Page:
It's Probably Not Cancer: Online Health Information Is Not Always Reliable

Doctors are still better than services like Google and WebMD at diagnosing and treating patients

It's Probably Not Cancer: Online Health Information Is Not Always Reliable
Image: Pixabay
March 30, 2017

Modern technology has put a wealth of information of all types at our fingertips, so it's little wonder that we turn to Google at the first sign of a problem. Unfortunately, the diagnoses suggested by online services like search engines and WebMD are often inaccurate, which can lead patients to panic.

Common Online Sources for Health Information

Some sites are better than others. Surprisingly, The Guardian found that Wikipedia's medical information is often—though not always—substantiated by peer-reviewed literature, especially for kidney disease and mental health problems. (It recommends looking elsewhere for medication information, digestive and liver diseases, and children's ear, nose, and throat problems.)

According to a study published in medical journal The BMJ, however, users of online symptom-checking websites like WebMD often receive incorrect diagnoses. The 23 sites tested by the researchers gave the correct diagnosis in the first three suggested only 51 percent of the time. That number rose only slightly—to 58 percent—for listing the correct diagnosis somewhere among the first 20 suggested.

Questions to Ask Before Trusting a Website

You're likely to run across many different sites when searching online for health information, many of which are not well known. Ask these questions from the National Institute on Aging (NIA) about websites before you trust the information they provide.

  1. Who sponsors/hosts the site?
  2. It costs money to have a website. Is it clear who is funding it? The web address is often helpful in figuring this out. The following endings identify the person or organization behind a particular site:

    • .gov: a U.S. government agency
    • .edu: an educational institution, usually a school or college
    • .org: usually a nonprofit organization, such as a scientific, medical, or research society
    • .com: a commercial organization or business
  3. Is there clear contact information?
  4. Trustworthy websites list contact information for users who want to reach the people involved with the site. They often include information such as an email address, phone number, and/or mailing address on a separate "Contact Us" or "About Us" page or at the bottom of each page on the site.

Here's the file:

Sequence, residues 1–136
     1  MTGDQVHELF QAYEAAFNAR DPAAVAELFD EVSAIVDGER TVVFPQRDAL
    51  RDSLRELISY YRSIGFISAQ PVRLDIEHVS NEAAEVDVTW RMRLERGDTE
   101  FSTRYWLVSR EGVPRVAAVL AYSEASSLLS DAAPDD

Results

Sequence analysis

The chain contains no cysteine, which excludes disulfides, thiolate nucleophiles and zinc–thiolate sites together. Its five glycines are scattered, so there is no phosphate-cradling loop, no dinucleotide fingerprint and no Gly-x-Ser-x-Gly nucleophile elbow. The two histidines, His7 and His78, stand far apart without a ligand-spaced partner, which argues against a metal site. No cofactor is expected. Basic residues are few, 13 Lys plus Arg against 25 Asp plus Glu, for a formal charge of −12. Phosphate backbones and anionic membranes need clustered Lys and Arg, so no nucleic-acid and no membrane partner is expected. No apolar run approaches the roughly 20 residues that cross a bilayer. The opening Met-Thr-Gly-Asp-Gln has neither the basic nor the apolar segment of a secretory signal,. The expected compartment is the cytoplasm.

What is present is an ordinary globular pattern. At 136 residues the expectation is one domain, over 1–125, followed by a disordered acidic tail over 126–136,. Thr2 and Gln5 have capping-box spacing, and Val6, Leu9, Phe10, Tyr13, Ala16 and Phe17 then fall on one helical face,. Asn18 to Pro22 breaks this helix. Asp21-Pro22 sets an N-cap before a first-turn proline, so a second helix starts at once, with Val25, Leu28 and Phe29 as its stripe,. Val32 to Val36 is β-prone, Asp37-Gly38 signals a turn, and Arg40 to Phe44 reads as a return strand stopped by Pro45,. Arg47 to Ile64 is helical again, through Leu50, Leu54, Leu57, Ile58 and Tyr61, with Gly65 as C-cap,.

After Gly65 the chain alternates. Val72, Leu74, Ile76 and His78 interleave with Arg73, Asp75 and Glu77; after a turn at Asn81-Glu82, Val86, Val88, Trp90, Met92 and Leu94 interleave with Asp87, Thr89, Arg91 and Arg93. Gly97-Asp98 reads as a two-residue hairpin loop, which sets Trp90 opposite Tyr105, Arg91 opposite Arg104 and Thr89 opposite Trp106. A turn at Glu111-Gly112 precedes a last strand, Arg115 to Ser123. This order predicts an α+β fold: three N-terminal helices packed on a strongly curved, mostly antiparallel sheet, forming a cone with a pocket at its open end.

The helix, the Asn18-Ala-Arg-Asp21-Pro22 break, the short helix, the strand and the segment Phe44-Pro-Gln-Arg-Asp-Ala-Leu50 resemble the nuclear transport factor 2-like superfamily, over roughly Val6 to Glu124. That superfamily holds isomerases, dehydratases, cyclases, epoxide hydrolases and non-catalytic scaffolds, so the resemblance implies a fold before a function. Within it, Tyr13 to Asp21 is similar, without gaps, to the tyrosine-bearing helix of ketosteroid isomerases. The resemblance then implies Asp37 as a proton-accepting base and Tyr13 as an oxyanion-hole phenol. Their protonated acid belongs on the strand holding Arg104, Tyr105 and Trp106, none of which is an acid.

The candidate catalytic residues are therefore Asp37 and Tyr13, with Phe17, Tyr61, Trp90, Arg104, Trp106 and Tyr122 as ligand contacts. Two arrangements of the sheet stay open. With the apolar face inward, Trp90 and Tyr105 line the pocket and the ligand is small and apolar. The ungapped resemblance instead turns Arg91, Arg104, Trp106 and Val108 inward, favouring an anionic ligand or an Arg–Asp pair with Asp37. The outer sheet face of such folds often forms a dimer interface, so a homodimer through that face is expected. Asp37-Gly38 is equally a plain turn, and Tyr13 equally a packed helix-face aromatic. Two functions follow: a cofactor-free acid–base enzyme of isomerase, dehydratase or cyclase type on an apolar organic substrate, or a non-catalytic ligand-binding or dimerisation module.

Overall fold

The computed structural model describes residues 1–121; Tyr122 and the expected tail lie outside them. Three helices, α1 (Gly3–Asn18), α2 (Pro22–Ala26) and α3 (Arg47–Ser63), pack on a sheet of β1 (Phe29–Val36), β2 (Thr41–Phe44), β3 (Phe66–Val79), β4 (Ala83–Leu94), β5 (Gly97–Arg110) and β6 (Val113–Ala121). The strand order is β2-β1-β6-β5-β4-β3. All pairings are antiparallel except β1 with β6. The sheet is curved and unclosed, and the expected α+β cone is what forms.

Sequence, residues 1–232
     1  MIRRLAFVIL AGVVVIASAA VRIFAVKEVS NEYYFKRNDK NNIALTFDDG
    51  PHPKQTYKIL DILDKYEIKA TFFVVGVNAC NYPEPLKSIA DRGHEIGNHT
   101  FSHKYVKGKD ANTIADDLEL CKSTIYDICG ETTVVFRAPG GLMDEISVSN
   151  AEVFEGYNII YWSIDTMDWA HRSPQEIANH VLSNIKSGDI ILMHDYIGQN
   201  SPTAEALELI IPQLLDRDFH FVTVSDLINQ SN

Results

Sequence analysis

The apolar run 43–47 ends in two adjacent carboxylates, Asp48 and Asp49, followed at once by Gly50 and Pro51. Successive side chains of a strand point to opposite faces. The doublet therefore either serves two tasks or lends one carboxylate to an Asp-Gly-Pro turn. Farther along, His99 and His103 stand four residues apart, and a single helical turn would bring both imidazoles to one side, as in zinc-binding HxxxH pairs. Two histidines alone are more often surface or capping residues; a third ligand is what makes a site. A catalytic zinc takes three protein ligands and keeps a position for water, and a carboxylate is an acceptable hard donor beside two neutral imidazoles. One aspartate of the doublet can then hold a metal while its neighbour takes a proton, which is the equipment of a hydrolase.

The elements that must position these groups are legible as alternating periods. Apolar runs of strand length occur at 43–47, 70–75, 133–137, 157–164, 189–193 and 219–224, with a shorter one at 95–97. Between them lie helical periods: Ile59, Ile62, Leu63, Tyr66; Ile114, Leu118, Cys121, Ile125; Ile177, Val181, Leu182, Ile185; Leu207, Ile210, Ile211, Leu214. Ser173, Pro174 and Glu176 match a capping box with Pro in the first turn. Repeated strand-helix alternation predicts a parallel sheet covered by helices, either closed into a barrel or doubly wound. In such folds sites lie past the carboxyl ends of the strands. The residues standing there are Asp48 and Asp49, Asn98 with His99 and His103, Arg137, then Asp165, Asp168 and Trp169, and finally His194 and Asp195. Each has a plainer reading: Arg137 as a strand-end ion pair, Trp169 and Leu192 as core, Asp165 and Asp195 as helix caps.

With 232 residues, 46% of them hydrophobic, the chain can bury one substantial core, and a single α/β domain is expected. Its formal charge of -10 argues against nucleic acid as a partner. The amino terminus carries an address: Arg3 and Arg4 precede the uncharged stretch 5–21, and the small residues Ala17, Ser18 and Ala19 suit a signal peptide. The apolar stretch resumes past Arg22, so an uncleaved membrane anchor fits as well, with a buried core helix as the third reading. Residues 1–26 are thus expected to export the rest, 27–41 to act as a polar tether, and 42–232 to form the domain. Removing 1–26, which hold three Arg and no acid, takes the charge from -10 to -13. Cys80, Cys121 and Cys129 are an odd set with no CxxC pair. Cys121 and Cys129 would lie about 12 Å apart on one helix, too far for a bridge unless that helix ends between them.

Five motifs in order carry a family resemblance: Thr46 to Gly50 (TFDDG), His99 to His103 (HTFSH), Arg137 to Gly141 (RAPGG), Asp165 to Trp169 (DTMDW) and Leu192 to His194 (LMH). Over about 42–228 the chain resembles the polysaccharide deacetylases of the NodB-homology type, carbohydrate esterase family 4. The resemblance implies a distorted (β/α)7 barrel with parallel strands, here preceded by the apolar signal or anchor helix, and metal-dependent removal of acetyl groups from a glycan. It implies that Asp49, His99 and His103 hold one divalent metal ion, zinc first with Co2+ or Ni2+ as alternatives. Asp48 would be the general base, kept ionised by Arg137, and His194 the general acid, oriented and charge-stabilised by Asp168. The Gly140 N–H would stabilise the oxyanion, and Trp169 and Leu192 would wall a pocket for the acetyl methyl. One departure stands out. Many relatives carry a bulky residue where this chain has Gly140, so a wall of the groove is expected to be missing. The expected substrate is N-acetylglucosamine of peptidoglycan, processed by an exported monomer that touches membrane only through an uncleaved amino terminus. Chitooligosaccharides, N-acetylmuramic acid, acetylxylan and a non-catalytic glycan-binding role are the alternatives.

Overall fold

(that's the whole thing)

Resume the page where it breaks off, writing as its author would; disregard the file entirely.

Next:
5. Who wrote the information?
  6. Although authors and contributors to websites are often identified, this is not always the case. Most government sites have many, so they credit a department rather than listing the names of everyone who was involved in writing the article. It should be clear what connections contributors have to the site, including any financial interests they may have in the content.

    Be particularly wary of testimonials. Not everyone experiences the same health problems in the same way. Remember that there is a difference between a website made a someone simply interested in a subject and a site including strong scientific evidence gathered from research. No website can—or should—replace a discussion with a healthcare professional.

  7. Who reviews the information?
  8. If the site has an "About Us" page, check it to see whether or not experts review the information before it goes online. Make sure any list of editors or reviewers includes actual medical experts. Trustworthy sites will tell you where the information came from and how it was checked.

  9. Is the information up-to-date?
  10. Reliable websites keep their health information current. No one should make healthcare decisions based on out-of-date information. Pages often include a date somewhere, and some may be updated more often than others.

  11. How does the site protect your privacy?
  12. Read through the site's privacy policy, which is often located at the bottom of a page or on an "About Us," "Privacy Policy," or "Our Policies" page. If it says something along the lines of "We share information with companies that can provide you with products," your information is not being kept private.

    Be extremely wary when sites ask for your Social Security number. Find out why it's necessary, how it will be used, and what will happen if you don't provide it. Some sites, such as those for health insurance companies, may need it in order to process claims.

  13. Does the site offer a miracle cure or other quick and easy solution to a health problem?
  14. Question websites and companies claiming that they have a product that will cure many illnesses. Make sure there are other websites out there that include the same information. Even if a site links to a trustworthy source, it doesn't necessarily mean it has that source's endorsement or support. Websites don't need permission to link to each other.

Trustworthy Online Sources for Health Information

Although not all websites providing health information are reliable, there are many that are. The following organizations are good places to start:

  • The National Institute of Health
  • NIA
  • NIHSeniorHealth
  • MedlinePlus
  • The National Heart, Lung, and Blood Institute
  • The National Institute on Deafness and Other Communication Disorders
  • The National Institute of Dental and Craniofacial Research